Pityriasis Lichenoides Course: chronic, remissions and relapses Etiology Unknown, may be hypersensitivity to infectious agents. Clinical Manifestations Two clinical patterns recognized: Pityriasis lichenoides et varioliformis acuta (PLEVA) Constitutional symptoms like fever and arthralgia frequent. Polymorphic eruption of multiple, erythematous, edematous papules, often surmounted by vesicles. Pustules/hemorrhagic necrosis may develop Lesions heal with hyperpigmented varioliform scars. Trunk and flexures of extremities. Pityriasis lichenoides chronica (PLC). Polymorphic eruption of successive crops of asymptomatic red-brown papules, which are surmounted by a central, adherent mica-like Scale Lesions heal with hypopigmentation. Trunk and proximal part of extremities.
pityriasis lichenoides et varioliformis edematous papules surmounted with hemorrhagic crust. Note scarring pityriasis lichenoides chronica: red brown papules surmounted by mica-like scales. Note hypopigmentation.
Erythroderma (exfoliative dermatitis ) Erythroderma is the term applied to any inﬂammatory skin disease that affects more than 90% of body surface. Incidence: 0.9 per 100 000 population Age: frequently seen in age group 40–60 years. Ichthyosiform variant seen in children. Gender: Male:female ratio of 2:1 Etiology Underlying skin diseases: Erythroderma can be a late manifestation in clinical course of several skin disease Idiopathic: no underlying cause can be determined.
Clinical Features Extremely itchy. In erythroderma secondary to other skin diseases, there may be evidence of primary disease on clinical examination. Intense erythema and scaling Scales may be small or large and their color may vary from white to yellow. Associated features Alopecia, Shiny and beveled nails initially, Dystrophic nails and shedding of nails. Palmoplantar involvement with massive hyperkeratosis. Lymphadenopathy (in 50% of patients), Hepatomegaly and splenomegaly (occasionally). Lesions of underlying disease.
Secondary syphilis History of preceding high-risk sexual contact / genital ulcer Maculopapular and papulosquamous lesions Associated features Mucosal lesions Coppery scaly papules on palms and soles Condyloma lata Lymphadenopathy Serology for syphilis and dark ground microscopy: positive
Discoid lupus erythematosus (DLE) Symptoms: photosensitivity present Morphology: annular lesions with central scarring and an erythematous halo Scaling: adherent and prominent Typical feature: follicular plugging Site: face, ears; scalp, lip
Parapsoriasis Parapsoriasis is a controversial term used for a heterogeneous group of dermatoses. Small plaque parapsoriasis: benign. Large plaque parapsoriasis: premalignant Etiology: Unknown. Prevalence: Uncommon. Age: Fifth decade. Gender: Male preponderance. Clinical Features Morphology Small plaque parapsoriasis Asymmetrical, yellow-erythematous, scaly plaques, which are small (<5 cm) and have digitating margins. Predominantly on covered parts of body (abdomen, buttocks, breasts and flexures). Runs a chronic course, usually responding to treatment and relapsing when treatment is stopped.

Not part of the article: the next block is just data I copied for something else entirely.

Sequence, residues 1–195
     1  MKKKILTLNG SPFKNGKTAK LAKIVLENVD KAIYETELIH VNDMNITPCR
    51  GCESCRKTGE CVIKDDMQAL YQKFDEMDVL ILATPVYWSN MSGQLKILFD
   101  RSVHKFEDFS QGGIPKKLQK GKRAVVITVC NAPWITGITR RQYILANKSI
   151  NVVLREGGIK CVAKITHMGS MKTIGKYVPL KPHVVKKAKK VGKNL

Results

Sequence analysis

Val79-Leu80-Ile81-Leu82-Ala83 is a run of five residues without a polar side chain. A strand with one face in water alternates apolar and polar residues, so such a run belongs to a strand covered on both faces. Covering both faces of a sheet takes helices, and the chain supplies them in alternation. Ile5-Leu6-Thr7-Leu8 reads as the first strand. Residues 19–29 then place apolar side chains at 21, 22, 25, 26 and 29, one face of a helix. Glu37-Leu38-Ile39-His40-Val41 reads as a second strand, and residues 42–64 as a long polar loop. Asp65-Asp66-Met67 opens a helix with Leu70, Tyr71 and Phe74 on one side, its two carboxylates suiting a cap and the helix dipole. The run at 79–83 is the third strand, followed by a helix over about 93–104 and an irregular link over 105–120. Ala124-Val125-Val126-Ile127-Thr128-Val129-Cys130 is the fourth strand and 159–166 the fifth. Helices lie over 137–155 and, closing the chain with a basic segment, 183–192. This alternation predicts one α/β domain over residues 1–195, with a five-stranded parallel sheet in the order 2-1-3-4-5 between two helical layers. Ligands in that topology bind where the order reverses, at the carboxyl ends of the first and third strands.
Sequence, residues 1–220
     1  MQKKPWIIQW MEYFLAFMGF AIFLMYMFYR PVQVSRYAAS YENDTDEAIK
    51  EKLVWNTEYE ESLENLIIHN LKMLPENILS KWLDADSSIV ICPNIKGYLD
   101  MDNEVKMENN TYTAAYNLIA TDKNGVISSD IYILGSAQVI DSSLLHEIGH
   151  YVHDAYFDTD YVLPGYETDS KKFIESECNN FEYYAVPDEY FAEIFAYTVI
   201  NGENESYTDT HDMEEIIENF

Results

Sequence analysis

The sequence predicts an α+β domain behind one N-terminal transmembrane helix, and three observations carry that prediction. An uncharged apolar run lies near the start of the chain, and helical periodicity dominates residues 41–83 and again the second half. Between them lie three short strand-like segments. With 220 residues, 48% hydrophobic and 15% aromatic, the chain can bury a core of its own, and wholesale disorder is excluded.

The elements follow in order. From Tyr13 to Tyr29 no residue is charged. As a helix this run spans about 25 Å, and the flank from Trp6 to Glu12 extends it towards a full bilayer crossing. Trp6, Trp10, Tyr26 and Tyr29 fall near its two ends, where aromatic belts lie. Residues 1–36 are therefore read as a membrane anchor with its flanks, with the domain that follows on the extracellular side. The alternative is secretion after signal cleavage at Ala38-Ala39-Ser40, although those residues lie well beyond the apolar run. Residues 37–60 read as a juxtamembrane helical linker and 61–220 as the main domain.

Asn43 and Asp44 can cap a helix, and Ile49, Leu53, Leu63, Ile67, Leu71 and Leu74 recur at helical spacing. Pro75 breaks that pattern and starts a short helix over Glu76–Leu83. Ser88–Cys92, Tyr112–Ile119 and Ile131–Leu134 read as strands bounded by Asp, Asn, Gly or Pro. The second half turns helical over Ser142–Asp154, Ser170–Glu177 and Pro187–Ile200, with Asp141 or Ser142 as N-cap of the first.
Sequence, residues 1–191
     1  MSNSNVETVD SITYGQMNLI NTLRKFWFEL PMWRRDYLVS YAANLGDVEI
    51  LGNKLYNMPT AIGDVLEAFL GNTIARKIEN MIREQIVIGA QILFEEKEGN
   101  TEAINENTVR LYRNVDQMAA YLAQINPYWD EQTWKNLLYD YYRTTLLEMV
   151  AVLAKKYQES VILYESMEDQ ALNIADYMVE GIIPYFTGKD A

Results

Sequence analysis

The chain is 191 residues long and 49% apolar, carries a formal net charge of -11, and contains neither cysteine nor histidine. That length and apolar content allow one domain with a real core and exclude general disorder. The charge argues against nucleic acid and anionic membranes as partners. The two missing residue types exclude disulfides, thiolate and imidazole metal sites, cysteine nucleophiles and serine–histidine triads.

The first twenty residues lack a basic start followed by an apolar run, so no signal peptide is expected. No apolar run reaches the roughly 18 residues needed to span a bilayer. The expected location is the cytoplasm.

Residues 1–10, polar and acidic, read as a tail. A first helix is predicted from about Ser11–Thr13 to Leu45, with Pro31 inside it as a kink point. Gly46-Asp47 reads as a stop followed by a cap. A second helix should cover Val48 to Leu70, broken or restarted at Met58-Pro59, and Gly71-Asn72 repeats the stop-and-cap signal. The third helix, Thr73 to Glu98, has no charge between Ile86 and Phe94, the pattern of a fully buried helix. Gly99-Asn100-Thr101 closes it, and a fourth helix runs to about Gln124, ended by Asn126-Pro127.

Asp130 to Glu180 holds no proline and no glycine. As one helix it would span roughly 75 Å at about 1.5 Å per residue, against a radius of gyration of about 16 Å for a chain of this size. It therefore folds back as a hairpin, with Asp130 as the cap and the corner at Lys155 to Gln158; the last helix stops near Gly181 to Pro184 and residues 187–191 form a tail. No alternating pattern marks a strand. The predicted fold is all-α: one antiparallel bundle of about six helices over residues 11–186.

Large plaque parapsoriasis Initially asymmetrical, erythematous, scaly plaques , quite similar to lesions of small plaque parapsoriasis except being larger (>5 cm) and more erythematous. Presence of poikiloderma and induration in lesions suggestive of malignant transformation. Predominantly on covered parts of body. Course Both variants run a chronic course; over period of time Large plaque parapsoriasis: erythematous, scaly, indurated plaques on covered parts of body.
Morphology of papules/plaques in papulosquamous disorders Psoriasis Erythematous papules and plaques Lichen planus Violaceous papules with Wickham’s striae Pityriasis rosea Annular plaques Seborrheic dermatitis Yellowish, follicular papules Pityriasis rubra pilaris Erythematous follicular papules Secondary syphilis Dusky erythematous papules Pityriasis lichenoides et varioliformis acuta Erythematous edematous papules surmounted with vesicles/crust Pityriasis lichenoides chronica Erythematous papules surmounted with micalike scales
Characteristics of scales in papulosquamous disorders Psoriasis Silvery scales Collarette of scales on leading edge Pityriasis rosea Seborrheic dermatitis Greasy scales Pityriasis lichenoides chronica Mica-like, adherent scales